Friday, March 9, 2012

Google Forms for Brainstorming


So, this past week I used Google Forms both in ENG099 and ENG102 for the students for the students to brainstorm on a topic before we actually discuss it. I use the method we used in the February meeting: Form + Spreadsheet. In 102, I hid the column with students' names; in 099, I left the column open to view, just to see if it made a difference (it did not seem to).

Objectives and Bloom's

For ENG099*:

  • to define what annotation is, describe how it is done, and explain for what purpose (Knowledge Level; Comprehension Level).
  • to implement this understanding of annotation to produce group and individual annotations (Application Level).

For ENG102*:

  • to interpret, report on, and discuss the meaning of symbols (Comprehension Level).
  • to select one possible meaning of the word "rose" and explain its significance to themselves (Analysis Level).
*there's way more to the lesson, but these are the objectives connected to the brainstorming. If curious , the ENG099 lesson is HERE, the ENG102 HERE.

Google Forms is very effective as a brainstorming tool. Advantages over discussion + writing on whiteboard (which we did anyway afterwards):

  1. Every single student engages with the concepts to be discussed, as they have to fill out the form. 
  2. As ideas come in, I get to flag three or four good ones to begin the conversation or mention during the discussion. Once I get to know the students' names, I will be able to say "as so-and-so wrote..."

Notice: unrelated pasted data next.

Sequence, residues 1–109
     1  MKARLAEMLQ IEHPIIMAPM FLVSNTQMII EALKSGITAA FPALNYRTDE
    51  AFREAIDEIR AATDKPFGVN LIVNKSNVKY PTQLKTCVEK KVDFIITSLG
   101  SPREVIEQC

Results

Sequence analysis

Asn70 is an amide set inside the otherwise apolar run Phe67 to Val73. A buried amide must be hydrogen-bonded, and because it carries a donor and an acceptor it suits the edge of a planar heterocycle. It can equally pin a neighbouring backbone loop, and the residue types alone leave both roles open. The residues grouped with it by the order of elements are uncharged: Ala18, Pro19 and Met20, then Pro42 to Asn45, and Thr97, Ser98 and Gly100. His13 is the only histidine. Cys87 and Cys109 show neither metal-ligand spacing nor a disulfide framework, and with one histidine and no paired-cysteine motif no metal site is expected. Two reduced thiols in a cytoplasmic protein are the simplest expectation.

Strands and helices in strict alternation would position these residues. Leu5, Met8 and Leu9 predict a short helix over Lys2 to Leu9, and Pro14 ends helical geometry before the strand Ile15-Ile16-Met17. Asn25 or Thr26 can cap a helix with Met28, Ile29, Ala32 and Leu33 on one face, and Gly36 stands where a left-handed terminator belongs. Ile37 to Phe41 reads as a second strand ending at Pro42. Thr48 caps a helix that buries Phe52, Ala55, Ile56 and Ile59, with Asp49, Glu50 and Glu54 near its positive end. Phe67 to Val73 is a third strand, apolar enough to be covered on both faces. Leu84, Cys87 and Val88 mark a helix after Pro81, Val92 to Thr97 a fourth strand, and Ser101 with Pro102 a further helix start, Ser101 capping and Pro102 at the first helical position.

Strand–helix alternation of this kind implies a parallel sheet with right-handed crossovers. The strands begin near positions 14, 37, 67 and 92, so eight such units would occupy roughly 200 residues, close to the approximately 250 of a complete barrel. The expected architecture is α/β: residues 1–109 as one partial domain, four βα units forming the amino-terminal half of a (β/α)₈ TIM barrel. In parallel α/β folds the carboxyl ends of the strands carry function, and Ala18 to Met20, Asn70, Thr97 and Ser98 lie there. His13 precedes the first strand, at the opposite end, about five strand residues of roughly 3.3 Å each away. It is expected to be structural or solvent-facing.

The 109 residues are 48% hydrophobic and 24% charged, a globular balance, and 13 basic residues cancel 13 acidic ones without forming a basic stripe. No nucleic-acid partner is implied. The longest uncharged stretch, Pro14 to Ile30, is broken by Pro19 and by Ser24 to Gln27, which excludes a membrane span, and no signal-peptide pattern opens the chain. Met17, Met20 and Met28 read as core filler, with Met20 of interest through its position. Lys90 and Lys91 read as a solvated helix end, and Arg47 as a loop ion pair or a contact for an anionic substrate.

3. Students get to view everyone's responses before we discuss, so they are better prepared for the discussion.
  4. The shy students get to contribute to the conversation.
  5. It quiets down the room in 0.5 seconds, as students are intent on answering the questions. 
  6. Students become intensely focused on the task at hand because they are turning their notes "in" to me. (Now that they realize their notes can be made public, the pressure to complete the task will be higher). No more "I'm pretending to brainstorm on my piece of paper, but I'm really doodling and have no idea what the conversation is about").
  7. Because the instructions are written beforehand, late students can jump in right away to answer the questions with no need for an explanation beyond "Click here. Answer the questions." Or they can fill the form after class.
  8. I can review it later to see how much each student is contributing or understanding. Students that did not come to class or had a hard time following the discussion can review it and derive understanding from our collective wisdom.
  9. If you do it at the beginning of class, it creates an instant attendance list, complete with at what time the late students came in.

099 Form HERE; Spreadsheet HERE.
102 Form HERE; Spreadsheet HERE.


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  2. I love the way Google Forms allows students to collaborate in ways that they would not have been able to otherwise. Students seem genuinely engaged.